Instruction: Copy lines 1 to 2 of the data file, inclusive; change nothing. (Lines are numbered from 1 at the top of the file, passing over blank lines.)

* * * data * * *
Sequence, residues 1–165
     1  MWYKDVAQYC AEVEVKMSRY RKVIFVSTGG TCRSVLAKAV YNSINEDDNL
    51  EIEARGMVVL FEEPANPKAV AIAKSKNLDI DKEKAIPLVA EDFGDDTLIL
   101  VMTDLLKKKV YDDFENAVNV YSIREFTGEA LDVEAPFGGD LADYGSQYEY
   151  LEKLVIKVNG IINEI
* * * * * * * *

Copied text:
Sequence, residues 1–165
     1  MWYKDVAQYC AEVEVKMSRY RKVIFVSTGG TCRSVLAKAV YNSINEDDNL